For the second reason, just because a food has less of a nutrient than a supplement doesn’t mean that it is useless. A supplement will just give that specific nutrient. A food will give you that nutrient, other vitamins and minerals, even enzymes or phytonutrients that have benefits for health. Food has more bang for the buck in my opinion, plus bodies are built to recognize food more readily than something created in a lab. Whose rule is that when we are deficient in something that we need to take mega-doses to fix it? That honestly seems like an allopathic way of thinking to me.
I’ll admit, my personal experience with iodine led me to think like this. I kept seeing people rave about iodine, how it changed their lives, gave them energy, cured their illness. I thought this made perfect sense! I even saw a Naturopath that told me the same thing- iodine was very important. He wanted me to take 30-50 drops of Lugol’s iodine a day (which equates to about 200mg of iodine!). I worked up slowly, but didn’t get past 10 drops because of the detox effects. I was also nursing my son at the time, and I got very nervous that I would pass those toxins onto him.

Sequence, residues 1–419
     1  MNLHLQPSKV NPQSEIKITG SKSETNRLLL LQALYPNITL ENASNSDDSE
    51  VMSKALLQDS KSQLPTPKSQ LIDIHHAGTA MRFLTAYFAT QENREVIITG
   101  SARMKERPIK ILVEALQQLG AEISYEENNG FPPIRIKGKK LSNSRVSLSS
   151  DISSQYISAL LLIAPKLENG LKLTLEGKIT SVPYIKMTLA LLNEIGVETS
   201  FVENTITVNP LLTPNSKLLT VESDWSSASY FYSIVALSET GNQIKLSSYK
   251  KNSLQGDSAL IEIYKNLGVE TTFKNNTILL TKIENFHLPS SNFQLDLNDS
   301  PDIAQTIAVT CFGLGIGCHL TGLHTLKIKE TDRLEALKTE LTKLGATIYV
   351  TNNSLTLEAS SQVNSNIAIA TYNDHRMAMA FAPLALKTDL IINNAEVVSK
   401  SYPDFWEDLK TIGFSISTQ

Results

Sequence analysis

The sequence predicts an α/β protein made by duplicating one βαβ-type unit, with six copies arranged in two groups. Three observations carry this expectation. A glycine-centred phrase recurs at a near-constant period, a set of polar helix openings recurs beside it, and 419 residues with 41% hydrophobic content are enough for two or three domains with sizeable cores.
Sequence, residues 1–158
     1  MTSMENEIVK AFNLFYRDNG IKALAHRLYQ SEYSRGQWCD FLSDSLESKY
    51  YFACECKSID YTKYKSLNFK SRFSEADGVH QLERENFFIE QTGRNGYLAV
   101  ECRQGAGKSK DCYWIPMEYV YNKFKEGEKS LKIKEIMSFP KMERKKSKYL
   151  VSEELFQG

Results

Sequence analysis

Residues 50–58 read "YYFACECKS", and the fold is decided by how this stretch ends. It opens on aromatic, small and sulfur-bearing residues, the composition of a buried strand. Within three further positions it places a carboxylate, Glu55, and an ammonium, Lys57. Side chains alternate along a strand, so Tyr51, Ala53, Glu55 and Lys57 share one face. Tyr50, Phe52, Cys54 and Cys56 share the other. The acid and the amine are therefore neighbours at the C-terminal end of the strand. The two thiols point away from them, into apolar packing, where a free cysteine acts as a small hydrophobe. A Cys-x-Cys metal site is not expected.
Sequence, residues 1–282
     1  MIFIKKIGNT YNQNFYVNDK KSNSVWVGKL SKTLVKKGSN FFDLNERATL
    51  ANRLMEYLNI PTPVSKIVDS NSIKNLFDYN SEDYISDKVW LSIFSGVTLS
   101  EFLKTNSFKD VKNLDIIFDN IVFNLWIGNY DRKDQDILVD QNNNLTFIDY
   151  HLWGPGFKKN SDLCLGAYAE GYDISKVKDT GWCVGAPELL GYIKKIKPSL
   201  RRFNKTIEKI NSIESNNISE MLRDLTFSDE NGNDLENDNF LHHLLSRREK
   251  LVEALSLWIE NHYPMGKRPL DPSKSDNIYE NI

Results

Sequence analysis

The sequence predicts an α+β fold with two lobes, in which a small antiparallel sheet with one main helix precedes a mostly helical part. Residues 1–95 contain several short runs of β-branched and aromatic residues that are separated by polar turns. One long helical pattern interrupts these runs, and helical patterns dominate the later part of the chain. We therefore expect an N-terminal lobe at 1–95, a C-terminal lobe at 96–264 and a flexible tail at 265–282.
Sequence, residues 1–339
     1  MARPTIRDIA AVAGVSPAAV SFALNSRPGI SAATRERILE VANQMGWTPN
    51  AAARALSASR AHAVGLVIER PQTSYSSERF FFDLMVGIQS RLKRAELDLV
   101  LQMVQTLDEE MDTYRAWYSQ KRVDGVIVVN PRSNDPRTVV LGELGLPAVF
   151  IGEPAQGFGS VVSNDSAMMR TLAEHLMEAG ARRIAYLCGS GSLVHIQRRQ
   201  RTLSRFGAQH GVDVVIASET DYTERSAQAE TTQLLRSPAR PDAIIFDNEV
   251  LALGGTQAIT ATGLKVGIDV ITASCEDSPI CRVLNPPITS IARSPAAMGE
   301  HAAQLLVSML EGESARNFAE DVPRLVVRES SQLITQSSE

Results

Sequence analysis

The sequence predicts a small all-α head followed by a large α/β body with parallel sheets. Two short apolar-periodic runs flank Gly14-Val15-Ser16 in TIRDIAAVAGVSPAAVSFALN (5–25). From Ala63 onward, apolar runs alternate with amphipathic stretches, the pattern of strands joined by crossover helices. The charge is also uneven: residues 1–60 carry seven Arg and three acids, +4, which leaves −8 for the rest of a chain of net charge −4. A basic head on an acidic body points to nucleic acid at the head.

This doctor didn’t tell me anything about liver health, why adrenal health needed to be built up first (although he diagnosed me with adrenal fatigue), or about companion nutrients. So *maybe* if I had known the truth and done the actual protocol, things would have worked differently. I still prefer people to be safe and smart about supplementing because I know the power that isolated nutrients can have.